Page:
R.I.P. Ric Ocasek (1944-2019)
NW musician Mark Pickerel eulogizes The Cars’ Ric Ocasek(1944-2019)
It was the summer of '78. As I was waving goodbye to elementary school and anxious to dive into junior high, my sister Joanne made a mix tape of her favorite new artists, including Van Halen, The Knack, The Cars, Sugar Hill Gang and more. I loved it all.
I was already flirting with growing my hair out when I heard the words, "Let them brush your rock and roll hair, let the good times roll". It was all the further instruction I needed. Ric Ocasek and The Cars epitomized style and cool, so it wasn't long before I tried to adopt their look with whatever crude gear I had at my disposal. My older twin sisters were all too happy to help out, loaning me accessories from their own wardrobes, styling and ratting my hair, offering fashion tips and teaching me how to dance.
It was a pivotal time in my life, and what better soundtrack to a summer that saw me change out of my last pair of flares and into my first pegged-straight leg jeans(probably the same pair, only now majorly modified and re-purposed for my new lifestyle).
The Cars seemed to appeal to everyone, so it wasn't uncommon to hear them on KISW alongside Van Halen, AC/DC and Boston(from their home turf), then hear them over on KJET in between The Go-Gos and Devo.
Roy Thomas Baker producing their first few releases was a perfect fit, managing to take their post-modern, new wave direction and fatten it up with the kinds of textures and overdubs that made his Queen productions so big, delivering a one-two power-pop punch that this 11 year old could never get enough of!
Ric's lyrics conjured a detached view through a tinted window into a sophisticated, custom-tailored world I wanted so much to occupy and as often as I listened to them, I practically did! This was a world where everything was covered in leopard skin, cashmere, black leather(or latex), you viewed everything through rose-colored Ray-Bans and you might walk with a cane— not because of any physical limitations but so you could touch/jab the things you wanted without getting your hands dirty, or worse: becoming emotionally attached to the things you were attracted to. Ric encouraged us to enjoy it all, but from a distance.
Oh, but there were also power chords, the smartest riffs in rock, synthesizer sounds with sinister intent, huge drum fills and killer choruses, all securing The Cars’ rightful place at every kegger, basement black-light dance party, air guitar contest and even into the naughtiest, most memorable, sexy-meets-shameful scene of ”Fast Times at Ridgemont High”! This was the yin and yang of the Cars, and it's why their music still intrigues us to this day, because it appeals to many of our senses, exciting our imaginations, while arousing our most primitive instincts and impulses.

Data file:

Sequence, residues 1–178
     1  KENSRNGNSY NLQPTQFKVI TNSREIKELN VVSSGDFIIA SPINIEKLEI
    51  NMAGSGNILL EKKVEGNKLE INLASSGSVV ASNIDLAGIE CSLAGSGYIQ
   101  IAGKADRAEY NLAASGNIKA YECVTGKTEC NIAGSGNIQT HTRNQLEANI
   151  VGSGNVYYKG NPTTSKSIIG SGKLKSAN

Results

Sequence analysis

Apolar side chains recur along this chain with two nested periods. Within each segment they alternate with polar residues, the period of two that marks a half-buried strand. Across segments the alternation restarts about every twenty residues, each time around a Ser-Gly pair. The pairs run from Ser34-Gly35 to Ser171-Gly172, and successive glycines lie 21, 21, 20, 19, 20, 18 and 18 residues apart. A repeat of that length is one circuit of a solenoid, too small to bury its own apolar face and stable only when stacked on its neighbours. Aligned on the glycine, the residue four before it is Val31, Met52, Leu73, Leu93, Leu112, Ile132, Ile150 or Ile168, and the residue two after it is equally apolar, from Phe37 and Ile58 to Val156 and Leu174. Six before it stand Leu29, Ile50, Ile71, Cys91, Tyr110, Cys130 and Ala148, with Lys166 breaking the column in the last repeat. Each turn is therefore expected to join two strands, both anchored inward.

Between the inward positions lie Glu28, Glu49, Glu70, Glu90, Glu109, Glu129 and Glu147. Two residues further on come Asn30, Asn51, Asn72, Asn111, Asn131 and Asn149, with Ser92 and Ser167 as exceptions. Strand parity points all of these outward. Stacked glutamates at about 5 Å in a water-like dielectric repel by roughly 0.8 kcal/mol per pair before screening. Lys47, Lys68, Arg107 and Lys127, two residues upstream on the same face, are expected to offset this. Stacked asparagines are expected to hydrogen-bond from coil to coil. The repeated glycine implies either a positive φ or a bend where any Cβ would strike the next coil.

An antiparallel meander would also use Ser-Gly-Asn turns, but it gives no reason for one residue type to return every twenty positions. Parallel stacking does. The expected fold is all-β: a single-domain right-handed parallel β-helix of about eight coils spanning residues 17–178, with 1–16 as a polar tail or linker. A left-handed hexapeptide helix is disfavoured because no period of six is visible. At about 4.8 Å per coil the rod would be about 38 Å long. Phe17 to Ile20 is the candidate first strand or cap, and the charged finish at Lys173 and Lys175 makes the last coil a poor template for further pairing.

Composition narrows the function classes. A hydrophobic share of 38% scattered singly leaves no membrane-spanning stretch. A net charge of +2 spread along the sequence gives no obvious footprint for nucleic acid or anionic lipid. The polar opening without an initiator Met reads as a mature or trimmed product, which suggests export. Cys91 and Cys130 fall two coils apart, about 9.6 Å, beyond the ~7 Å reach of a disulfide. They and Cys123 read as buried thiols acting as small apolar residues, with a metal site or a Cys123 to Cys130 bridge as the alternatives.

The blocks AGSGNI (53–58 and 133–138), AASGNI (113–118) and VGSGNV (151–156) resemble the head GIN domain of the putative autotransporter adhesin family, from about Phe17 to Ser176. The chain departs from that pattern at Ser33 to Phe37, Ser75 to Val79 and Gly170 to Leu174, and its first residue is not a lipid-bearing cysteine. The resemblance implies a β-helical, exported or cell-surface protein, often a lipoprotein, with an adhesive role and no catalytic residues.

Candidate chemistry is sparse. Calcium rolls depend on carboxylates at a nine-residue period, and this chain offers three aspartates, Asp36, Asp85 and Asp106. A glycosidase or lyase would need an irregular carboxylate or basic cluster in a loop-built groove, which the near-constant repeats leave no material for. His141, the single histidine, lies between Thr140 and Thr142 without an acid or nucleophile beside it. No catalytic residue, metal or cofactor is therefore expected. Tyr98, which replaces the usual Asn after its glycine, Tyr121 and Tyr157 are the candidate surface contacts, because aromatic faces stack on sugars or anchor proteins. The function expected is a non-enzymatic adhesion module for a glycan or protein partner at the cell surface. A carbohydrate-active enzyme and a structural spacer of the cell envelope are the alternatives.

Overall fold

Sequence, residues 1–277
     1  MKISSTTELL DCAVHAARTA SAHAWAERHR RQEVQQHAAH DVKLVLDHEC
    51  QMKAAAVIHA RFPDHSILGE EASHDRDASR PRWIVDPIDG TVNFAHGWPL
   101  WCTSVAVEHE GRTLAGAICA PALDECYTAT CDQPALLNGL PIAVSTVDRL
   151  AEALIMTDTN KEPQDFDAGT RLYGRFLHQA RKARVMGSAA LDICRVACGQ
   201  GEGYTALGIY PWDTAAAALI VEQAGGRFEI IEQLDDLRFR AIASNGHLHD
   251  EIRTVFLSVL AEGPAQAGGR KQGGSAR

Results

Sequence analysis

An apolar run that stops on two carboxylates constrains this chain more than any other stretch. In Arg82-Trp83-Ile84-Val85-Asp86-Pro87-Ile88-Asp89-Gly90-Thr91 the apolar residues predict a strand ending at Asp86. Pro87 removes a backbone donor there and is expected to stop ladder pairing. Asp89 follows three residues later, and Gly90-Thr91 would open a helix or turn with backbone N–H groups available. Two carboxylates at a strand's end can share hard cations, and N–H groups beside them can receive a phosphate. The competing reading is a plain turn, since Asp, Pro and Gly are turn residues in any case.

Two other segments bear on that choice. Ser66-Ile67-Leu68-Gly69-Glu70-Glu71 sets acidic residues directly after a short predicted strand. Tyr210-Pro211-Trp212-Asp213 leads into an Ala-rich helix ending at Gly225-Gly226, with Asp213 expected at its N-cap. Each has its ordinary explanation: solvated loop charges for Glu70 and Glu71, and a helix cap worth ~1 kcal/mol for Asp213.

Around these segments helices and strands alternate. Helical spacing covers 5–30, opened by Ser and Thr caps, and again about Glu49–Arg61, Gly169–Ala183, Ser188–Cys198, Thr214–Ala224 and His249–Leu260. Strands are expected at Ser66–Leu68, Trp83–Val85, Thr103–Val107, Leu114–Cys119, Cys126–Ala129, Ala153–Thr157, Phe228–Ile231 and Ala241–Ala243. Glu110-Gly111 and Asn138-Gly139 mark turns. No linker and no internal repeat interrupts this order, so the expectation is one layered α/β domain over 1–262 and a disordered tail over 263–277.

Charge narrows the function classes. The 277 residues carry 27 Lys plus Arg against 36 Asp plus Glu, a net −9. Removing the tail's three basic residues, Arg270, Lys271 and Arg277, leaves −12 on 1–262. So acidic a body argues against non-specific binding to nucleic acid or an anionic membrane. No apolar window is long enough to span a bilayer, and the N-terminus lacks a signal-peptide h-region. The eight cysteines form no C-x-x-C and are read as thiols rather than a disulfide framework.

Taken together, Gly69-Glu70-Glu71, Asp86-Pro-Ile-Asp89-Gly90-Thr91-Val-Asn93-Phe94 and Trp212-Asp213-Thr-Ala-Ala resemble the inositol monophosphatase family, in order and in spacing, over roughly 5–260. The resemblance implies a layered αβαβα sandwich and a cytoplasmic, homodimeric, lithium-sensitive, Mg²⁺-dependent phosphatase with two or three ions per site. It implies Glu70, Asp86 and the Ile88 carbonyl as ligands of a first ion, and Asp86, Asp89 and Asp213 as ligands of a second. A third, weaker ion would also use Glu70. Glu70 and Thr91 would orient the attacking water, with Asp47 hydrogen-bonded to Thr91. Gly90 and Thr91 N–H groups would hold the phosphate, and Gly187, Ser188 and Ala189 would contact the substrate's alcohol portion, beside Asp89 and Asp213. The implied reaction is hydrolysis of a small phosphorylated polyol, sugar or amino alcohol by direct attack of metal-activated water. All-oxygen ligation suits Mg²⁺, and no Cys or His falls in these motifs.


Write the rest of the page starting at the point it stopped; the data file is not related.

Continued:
Ric's ability to usher us in and out of so many different worlds was truly remarkable, walking us through the surreal and then right into a sock hop, where Buddy Holly's hologram is kicking out “My Best Friend's Girl” at criminally high decibels, to an arena full of beatniks just back from a midnight showing of Lolita. Then it's time to get back into the limousine. Fellini is at the wheel and Lou Reed is riding shotgun, they gotta get you back to the traveling circus before the sun comes up and your metallic-flake chariot turns back into a polka-dot camouflage Camaro. Are these seats leather or latex? Is it live, or is it Memorex? Who cares, as long as the cartridge we're cruising to is The Cars.
Hey, look there up ahead— in the mirage with a Vargas girl, I think it's Ric— yes it is, and he's just a dream away.
Mark Pickerel is a musician and brick and mortar businessman from Ellensburg, WA. He was a co-founder of the legendary Screaming Trees and later, Truly. When not performing as Mark Pickerel & The Peyote 3, he can be seen on tour and in sessions with Neko Case, Mark Lanegan, Brandi Carlile and Secret Sisters, among others. Mark returned to live in Ellensburg with his wife and two children, Hazel and Rose. He also runs the excellent retail store, Road Trip Records, in Thorp, WA. Mark has been known to work at Easy Street Records while in between his own projects. He’s one of our favorite friends!